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Speed cameras


Love them or hate them speed cameras and vehicle monitoring systems are likely to be with us for some time to come. Although they may be despised by many, there is no doubt that they do encourage drivers to keep to the speed restrictions which ultimately may help reduce traffic accidents.

The objective of the various safety camera schemes is to reduce the number of deaths and serious injuries on our roads as a result of people driving at inappropriate speeds. They hope to achieve this by catching and fining persistent offenders and also organising traffic safety courses for those who have committed less serious breaches of the road traffic regulations.

Gatso cameras

The Gatso speed camera is named after the company that produce them, Gatsomeer BV in Holland. Invented in the 1950's, it uses radar technology to detect the position of the vehicle at several points as it approches the camera and from this calculate the speed of the vehicle. If the speed restriction is exceeded it triggers a camera which then photographs your number plate from behind. Gatso speed cameras are always positioned to take photos from behind, because they use a flash which would otherwise dazzle the driver.

The camera can take up to 400 photos before it runs out of film which on a busy road this can run out very quickly - the problem is we never know when this happens!

The white lines marked on the road near the cameras are used to verify the exact speed the vehicle was travelling at by comparing the distance between the two photographs that are taken, one after the other. This second speed measurement is used as physical evidence of the speed violation and will be used if the offender disputes the offence.

Mobile cameras

Mobile speed cameras are mounted inside clearly marked vans and are used to randomly 'spot check' sections of road that have the speed camera warning signs, but don't have a permanent camera installation.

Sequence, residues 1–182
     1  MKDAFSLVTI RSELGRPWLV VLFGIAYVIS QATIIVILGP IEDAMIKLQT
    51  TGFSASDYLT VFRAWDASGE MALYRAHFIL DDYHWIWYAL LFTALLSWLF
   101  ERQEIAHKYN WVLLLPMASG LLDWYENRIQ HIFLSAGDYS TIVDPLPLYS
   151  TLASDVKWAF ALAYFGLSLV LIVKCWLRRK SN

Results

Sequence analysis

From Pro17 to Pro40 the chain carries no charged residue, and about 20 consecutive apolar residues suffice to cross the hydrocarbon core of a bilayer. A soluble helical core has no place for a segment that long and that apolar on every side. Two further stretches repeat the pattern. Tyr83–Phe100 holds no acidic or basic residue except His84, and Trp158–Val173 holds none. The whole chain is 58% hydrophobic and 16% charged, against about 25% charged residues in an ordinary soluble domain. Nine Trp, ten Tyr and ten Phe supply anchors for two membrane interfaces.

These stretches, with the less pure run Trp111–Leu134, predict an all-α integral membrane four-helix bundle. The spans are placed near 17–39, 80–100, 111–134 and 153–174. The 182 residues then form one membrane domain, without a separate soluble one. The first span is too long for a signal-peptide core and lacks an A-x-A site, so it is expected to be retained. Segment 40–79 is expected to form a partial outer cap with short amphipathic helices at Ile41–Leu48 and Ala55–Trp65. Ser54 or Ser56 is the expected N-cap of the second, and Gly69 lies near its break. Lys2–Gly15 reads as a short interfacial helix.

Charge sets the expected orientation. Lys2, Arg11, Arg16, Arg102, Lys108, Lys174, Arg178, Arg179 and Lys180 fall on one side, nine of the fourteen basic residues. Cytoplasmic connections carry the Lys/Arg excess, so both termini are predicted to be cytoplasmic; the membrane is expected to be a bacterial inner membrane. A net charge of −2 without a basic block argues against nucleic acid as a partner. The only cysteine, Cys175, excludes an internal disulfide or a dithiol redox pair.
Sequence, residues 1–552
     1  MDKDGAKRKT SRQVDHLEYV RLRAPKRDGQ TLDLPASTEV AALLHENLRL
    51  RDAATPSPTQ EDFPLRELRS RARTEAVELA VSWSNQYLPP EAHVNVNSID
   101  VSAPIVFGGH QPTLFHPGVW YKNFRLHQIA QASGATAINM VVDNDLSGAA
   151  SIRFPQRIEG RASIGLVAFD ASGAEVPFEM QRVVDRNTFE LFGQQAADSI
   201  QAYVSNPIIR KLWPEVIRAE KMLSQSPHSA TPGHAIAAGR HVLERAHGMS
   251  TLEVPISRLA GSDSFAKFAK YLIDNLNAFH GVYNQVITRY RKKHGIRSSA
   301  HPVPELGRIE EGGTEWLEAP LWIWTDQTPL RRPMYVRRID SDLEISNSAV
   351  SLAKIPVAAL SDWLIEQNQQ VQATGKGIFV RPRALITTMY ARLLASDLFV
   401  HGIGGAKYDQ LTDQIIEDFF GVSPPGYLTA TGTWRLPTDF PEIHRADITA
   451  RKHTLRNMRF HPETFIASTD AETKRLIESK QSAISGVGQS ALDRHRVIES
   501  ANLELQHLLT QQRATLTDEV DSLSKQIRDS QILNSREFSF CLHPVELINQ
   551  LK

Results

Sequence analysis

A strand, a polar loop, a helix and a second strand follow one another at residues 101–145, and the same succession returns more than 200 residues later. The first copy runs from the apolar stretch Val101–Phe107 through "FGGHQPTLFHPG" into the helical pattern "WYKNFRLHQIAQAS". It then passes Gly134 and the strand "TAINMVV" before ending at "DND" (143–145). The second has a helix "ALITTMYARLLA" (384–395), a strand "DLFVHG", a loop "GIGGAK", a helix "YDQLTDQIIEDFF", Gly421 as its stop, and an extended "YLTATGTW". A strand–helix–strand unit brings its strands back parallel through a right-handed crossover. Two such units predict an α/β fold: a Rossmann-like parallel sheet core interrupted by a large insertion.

Police motorcycles are also sometimes used to carry and set up smaller portable cameras in areas where it is not possible to park the larger vans.

The SPECS system

The SPECS system uses at least two cameras linked to an Automatic Number Plate Recognition (ANPR) system to calculate the average speed of a vehicle between two points. The cameras also have infra red lights that effectively give them 'night vision', so they can work by day or night.

SPECS cameras are normally mounted either at the roadside or on the central reservation but unlike GATSO cameras they don't have any conventional 'film' in them. They are often used on dual carriageways and motorways because they have the advantage of being able to monitor several lanes at once.

As the vehicle approaches the first camera a digital image is taken of number plate with a time stamp, this is then compared with an image and time stamp from the second camera. Because the distance between the cameras is known, the speed can be calculated and checked against the restriction for the road.

Truvelo cameras

The Truvelo speed camera faces directly at the driver of the vehicle, but unlike the gatso it uses an infra red spotlight which is invisible to the human eye. Because the camera is facing you it also captures an image of the driver, so it can make it a little more difficult for someone to claim that 'my wife was driving' if they don't want the points!

Automatic Number Plate Recognition (ANPR)

You may have noticed the term ANPR being displayed at motorway service stations and at the roadside in recent years. This is not actually a speed detection system but it is used to instantly check your registration against various databases to check if the vehicle is being driven legally. An ANPR system can scan and process over 3000 number plates an hour and the police may even stop a vehicle straight away if the checks arouse suspicion.


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